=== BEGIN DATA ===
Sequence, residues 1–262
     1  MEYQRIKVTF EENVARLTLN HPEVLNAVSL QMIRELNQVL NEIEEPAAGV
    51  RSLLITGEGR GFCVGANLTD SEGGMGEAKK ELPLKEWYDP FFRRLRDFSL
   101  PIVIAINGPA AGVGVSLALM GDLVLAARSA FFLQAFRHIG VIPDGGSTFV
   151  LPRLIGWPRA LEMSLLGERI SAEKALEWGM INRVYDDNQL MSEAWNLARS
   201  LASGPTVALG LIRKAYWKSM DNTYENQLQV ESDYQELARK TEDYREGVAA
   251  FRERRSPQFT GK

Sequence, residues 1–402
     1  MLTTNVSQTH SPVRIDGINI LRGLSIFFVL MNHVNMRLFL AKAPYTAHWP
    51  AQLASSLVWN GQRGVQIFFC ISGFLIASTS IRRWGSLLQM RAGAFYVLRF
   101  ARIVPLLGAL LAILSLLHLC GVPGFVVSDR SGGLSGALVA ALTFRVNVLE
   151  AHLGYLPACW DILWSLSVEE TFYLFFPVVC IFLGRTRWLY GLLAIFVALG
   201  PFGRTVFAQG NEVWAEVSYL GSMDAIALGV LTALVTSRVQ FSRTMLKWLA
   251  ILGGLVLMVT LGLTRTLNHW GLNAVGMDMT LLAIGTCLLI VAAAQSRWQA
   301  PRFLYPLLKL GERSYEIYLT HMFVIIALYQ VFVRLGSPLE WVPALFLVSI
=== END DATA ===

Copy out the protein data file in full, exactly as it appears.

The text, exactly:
Sequence, residues 1–262
     1  MEYQRIKVTF EENVARLTLN HPEVLNAVSL QMIRELNQVL NEIEEPAAGV
    51  RSLLITGEGR GFCVGANLTD SEGGMGEAKK ELPLKEWYDP FFRRLRDFSL
   101  PIVIAINGPA AGVGVSLALM GDLVLAARSA FFLQAFRHIG VIPDGGSTFV
   151  LPRLIGWPRA LEMSLLGERI SAEKALEWGM INRVYDDNQL MSEAWNLARS
   201  LASGPTVALG LIRKAYWKSM DNTYENQLQV ESDYQELARK TEDYREGVAA
   251  FRERRSPQFT GK

Sequence, residues 1–402
     1  MLTTNVSQTH SPVRIDGINI LRGLSIFFVL MNHVNMRLFL AKAPYTAHWP
    51  AQLASSLVWN GQRGVQIFFC ISGFLIASTS IRRWGSLLQM RAGAFYVLRF
   101  ARIVPLLGAL LAILSLLHLC GVPGFVVSDR SGGLSGALVA ALTFRVNVLE
   151  AHLGYLPACW DILWSLSVEE TFYLFFPVVC IFLGRTRWLY GLLAIFVALG
   201  PFGRTVFAQG NEVWAEVSYL GSMDAIALGV LTALVTSRVQ FSRTMLKWLA
   251  ILGGLVLMVT LGLTRTLNHW GLNAVGMDMT LLAIGTCLLI VAAAQSRWQA
   301  PRFLYPLLKL GERSYEIYLT HMFVIIALYQ VFVRLGSPLE WVPALFLVSI